Unveiled in a recent report by S&P Global Ratings, Australian state, territory, and federal governments are escalating their spending, surpassing pre-pandemic levels by a staggering $50 billion annually. This surge in expenditure, which equates to approximately two percent of Gross Domestic Product (GDP) higher than before the pandemic, is exerting inflationary pressures on the country's economy.
Government Expenditure Fuels Inflation
Analyst Anthony Walker from S&P underscores that this spending spree, driven by increased revenues from income and mining taxes and stamp duties, is markedly affecting the infrastructure sector. This could potentially jeopardize the Reserve Bank of Australia's (RBA) efforts to manage inflation. The RBA may be compelled to raise interest rates beyond the current 4.35 percent to reach its inflation target of two to three percent, as government spending continues to exceed their forecasts.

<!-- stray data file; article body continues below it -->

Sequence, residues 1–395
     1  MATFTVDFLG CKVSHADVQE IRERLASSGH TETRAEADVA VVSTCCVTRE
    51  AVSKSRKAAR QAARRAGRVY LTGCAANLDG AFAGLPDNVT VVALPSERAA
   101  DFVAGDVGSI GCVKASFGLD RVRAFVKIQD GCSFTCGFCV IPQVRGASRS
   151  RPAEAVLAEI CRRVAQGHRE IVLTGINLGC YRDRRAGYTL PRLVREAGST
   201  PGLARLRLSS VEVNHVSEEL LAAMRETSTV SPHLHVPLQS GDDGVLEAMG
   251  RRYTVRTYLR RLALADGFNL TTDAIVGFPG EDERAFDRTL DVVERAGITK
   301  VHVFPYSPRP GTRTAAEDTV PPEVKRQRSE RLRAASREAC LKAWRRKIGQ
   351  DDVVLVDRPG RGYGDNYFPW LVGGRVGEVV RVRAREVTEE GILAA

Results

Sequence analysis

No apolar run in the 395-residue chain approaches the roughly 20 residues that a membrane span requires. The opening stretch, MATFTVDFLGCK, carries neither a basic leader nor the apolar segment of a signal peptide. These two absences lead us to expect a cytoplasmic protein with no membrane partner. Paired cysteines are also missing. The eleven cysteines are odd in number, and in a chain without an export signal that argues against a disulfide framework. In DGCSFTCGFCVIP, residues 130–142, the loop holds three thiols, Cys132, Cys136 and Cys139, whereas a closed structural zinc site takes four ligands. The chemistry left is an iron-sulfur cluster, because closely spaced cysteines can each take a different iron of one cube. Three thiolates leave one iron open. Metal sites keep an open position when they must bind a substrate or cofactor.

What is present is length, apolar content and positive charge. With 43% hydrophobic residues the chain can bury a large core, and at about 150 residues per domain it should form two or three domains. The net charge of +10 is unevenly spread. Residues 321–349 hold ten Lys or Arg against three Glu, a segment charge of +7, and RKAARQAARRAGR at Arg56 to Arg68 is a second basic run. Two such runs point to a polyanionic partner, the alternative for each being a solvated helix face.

The Federal and State Spending
The federal government shoulders about 55 percent of the increased spending since 2019, with state and territory governments accounting for the rest. Despite a recent $25 billion arrangement to reform the National Disability Insurance Scheme (NDIS) in a bid to realize future savings, Walker expressed doubt, hinting it could prompt further hikes in government spending.
Uncertain Future for State and Federal Budgets
Looking to the future, the state and federal budgets' outlook remains uncertain, with states projected to run deficits of approximately 2.1 percent of GDP. The federal government, while highlighting a significant surplus from the previous year as a testament to their sound economic management, could have enjoyed a larger surplus had spending been restrained to pre-pandemic levels.
In conclusion, Australia's increased government expenditure paints a challenging picture for the economy and the RBA's battle to control inflation. These factors, coupled with an uncertain future for state and federal budgets, hint at rocky economic terrain ahead.